When asked where his favorite vacation destination is, Mark Martin will list Las Vegas as his place of refuge. No, it is not because he enjoys gambling, the nightlife or the seedy underbelly of society. For the driver who calls 11:00 p.m. way past his bedtime, Martin enjoys Vegas because they have the best video game arcades anywhere in the country. That’s right; the same 49-year-old who likes rap music, Bernie Mac and Dave Chappelle also enjoys playing video games with his son Matt while staying on the strip.
But the arcade isn’t the only thing drawing Martin to Sin City. The driver who Carl Edwards once glossed “crazy old man” in a Nextel commercial a couple of years back also seems to do pretty well at the racetrack they have out there, too.
Martin scored his record-extending 48th career Nationwide Series victory in Saturday’s Sam’s Town 300, his third win in five starts in Nationwide competition at Las Vegas. But this one wasn’t the way Martin wanted to win it. A late-race wreck triggered by his front bumper was what opened the door for his No. 5 Delphi Chevrolet to make the trek to victory lane, while ending the days of Edwards and Brad Keselowski in the process.
The site of his previous Nationwide Series win in 2005 ironically came under similar circumstances – a late-race spin by Edwards removed him from the equation, setting Martin up to take the checkered flag. Back then, Edwards was also driving a No. 60 Roush Ford – the car that Martin used in staking his claim to what once was the Busch Grand National Series.
But Martin’s win Saturday should not be remembered for the short-term controversy it sparked; instead, it should serve as a reminder of the positive impact he’s made on a series filled with up-and-comers. That influence is critical when it comes to the argument that’s often raised as to whether or not Cup Series regulars should be allowed to compete in what’s always been considered the minor leagues of stock car racing.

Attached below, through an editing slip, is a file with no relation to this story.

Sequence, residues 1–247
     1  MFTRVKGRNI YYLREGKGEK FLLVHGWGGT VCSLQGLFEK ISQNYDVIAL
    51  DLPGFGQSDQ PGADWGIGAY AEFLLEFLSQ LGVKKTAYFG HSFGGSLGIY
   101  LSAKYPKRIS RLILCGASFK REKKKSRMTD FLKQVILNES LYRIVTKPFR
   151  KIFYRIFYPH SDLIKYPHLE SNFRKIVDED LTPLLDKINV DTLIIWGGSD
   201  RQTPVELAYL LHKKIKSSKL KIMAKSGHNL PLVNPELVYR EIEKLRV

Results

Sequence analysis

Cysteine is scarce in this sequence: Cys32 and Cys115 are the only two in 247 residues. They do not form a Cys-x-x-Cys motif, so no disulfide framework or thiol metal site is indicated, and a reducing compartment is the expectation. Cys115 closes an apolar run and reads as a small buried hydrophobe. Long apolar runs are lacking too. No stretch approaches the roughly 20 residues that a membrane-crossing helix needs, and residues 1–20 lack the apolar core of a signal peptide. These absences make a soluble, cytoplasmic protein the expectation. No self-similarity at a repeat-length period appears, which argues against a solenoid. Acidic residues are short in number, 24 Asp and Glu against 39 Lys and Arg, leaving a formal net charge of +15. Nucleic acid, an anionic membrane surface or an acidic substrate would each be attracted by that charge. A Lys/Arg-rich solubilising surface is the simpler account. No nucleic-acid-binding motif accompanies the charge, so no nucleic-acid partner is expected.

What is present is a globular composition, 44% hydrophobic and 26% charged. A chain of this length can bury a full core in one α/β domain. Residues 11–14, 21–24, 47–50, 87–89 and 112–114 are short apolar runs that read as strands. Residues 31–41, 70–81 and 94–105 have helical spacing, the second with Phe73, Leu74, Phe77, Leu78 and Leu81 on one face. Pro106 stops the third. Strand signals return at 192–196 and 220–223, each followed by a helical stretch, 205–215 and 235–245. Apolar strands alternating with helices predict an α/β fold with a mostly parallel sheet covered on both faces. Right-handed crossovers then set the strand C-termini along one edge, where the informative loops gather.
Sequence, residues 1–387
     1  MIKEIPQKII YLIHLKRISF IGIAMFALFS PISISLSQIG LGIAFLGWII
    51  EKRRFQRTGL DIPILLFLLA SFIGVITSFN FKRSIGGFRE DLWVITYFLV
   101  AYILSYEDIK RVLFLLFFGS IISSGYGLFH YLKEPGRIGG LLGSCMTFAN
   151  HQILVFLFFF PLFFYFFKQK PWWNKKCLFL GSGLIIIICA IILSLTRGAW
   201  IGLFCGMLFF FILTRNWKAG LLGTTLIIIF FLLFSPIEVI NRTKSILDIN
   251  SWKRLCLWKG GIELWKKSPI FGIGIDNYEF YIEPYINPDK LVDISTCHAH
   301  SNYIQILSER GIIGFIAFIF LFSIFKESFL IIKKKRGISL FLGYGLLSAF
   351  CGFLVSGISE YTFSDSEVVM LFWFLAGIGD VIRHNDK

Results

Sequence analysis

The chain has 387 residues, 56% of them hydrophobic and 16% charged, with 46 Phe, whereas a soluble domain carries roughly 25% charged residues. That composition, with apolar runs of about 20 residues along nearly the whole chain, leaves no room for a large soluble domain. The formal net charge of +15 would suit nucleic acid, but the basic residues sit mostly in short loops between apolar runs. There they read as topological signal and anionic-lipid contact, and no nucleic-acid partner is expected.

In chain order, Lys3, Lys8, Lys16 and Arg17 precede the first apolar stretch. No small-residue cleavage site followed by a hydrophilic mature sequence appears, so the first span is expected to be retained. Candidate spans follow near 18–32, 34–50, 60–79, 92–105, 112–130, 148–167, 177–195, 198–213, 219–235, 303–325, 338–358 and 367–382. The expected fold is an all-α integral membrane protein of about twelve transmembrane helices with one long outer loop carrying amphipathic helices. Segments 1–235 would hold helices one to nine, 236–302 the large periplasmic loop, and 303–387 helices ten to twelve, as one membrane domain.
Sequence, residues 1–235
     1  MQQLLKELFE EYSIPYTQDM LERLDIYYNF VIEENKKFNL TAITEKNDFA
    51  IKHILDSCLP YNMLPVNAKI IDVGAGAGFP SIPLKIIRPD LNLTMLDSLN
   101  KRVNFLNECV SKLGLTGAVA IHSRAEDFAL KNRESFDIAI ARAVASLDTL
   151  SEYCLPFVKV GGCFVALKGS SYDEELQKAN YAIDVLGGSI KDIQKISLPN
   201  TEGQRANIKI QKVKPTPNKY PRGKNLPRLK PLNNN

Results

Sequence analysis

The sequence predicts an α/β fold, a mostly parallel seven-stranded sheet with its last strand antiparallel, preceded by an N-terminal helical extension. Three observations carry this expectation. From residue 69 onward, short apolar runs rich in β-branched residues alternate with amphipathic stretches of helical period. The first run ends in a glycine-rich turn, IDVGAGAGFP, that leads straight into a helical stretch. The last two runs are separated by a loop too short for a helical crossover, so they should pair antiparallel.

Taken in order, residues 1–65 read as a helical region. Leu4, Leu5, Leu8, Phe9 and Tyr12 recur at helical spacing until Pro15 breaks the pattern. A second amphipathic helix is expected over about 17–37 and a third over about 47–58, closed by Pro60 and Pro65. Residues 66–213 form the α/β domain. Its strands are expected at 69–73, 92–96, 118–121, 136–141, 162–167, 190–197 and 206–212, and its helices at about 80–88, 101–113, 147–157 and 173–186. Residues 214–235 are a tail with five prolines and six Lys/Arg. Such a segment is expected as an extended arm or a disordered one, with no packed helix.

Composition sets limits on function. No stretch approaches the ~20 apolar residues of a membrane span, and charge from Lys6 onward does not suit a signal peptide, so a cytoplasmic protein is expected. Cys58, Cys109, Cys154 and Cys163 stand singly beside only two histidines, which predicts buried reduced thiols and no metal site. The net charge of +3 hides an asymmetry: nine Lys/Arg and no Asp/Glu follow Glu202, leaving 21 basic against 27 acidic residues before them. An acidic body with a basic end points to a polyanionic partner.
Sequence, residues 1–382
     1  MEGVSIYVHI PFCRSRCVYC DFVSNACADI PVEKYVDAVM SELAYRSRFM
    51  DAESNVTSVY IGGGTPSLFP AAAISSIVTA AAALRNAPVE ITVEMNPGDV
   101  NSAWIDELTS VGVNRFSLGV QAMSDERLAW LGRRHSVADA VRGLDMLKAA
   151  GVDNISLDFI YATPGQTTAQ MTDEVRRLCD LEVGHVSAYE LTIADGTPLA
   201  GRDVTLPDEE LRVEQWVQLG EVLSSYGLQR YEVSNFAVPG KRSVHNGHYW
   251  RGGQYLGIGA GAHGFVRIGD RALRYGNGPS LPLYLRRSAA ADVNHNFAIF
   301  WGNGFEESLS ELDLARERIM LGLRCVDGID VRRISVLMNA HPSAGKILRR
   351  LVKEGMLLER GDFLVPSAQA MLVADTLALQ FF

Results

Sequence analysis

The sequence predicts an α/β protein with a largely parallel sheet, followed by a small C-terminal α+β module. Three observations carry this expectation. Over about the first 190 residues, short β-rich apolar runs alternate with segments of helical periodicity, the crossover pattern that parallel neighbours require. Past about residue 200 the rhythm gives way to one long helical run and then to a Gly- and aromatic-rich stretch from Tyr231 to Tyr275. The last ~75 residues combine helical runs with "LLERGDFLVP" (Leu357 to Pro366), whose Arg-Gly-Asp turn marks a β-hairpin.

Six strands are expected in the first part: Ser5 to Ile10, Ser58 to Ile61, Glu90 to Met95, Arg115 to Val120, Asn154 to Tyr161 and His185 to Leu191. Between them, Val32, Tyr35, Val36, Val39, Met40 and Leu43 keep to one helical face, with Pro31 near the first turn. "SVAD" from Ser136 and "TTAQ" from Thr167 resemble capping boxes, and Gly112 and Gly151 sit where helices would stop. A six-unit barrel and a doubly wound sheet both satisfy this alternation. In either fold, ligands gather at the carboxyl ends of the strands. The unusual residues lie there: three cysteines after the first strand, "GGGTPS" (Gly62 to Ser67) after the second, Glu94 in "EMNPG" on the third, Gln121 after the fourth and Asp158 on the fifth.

For long before that was even an issue, there once was a time when Cup drivers who participated in the preliminary Saturday events were welcomed with open arms and wallets; and one of the reasons was because of drivers like Martin, who helped add legitimacy to the series while imparting his valuable racing knowledge on the rest of the field competing against him.
After landing his Roush Racing Cup ride in 1988, Martin would continue to run Nationwide races with longtime friend and Arkansas native Bill Davis; starting in 1992, he began running what would become his familiar black No. 60 Winn Dixie Ford Thunderbirds. Back then, in what many consider to be the heyday of modern-day NASCAR, there were rarely 43-car fields for the Busch Series; 36 cars typically started the show, and it was not uncommon for there to be a short field.
As such, NASCAR needed to help fill the stands as well as the starting grid; so when Cup drivers would show up, it was always seen as an added benefit from a promotional perspective, while helping to spice up competition in the process.
But Martin did far more than win races. During his tenure in the Nationwide Series, some of the best in Cup have had a chance to learn from the all-time win leader as they were coming of age: Jeff Gordon, Bobby Labonte, Matt Kenseth, Tony Stewart and Jeff Burton all have credited Martin with helping them develop as they worked their way through the ranks. With his guidance, these drivers matured with ease, eventually rising to the level where they are at today.
One driver who was helped tremendously by this coaching and mentoring of sorts was Stewart. As Martin pulled back from the Nationwide Series following the 2000 season, Stewart lamented his absence, calling it one of the greatest losses for the junior series. With his occasional presence, younger drivers had a figure to emulate on as well as off the track, as Martin has always been one of the most respected and trusted veterans in all of motorsports.
Whenever Martin participates, drivers have an opportunity to learn from the best; and more importantly, they are grateful to have him there. Back when Martin was routinely pulling double duty on the weekends, his presence in Saturday competition was seen as a boon for those eventually looking to step up to Cup; youngsters would have a chance to match skills and wits with a top-tier driver in more comparable equipment.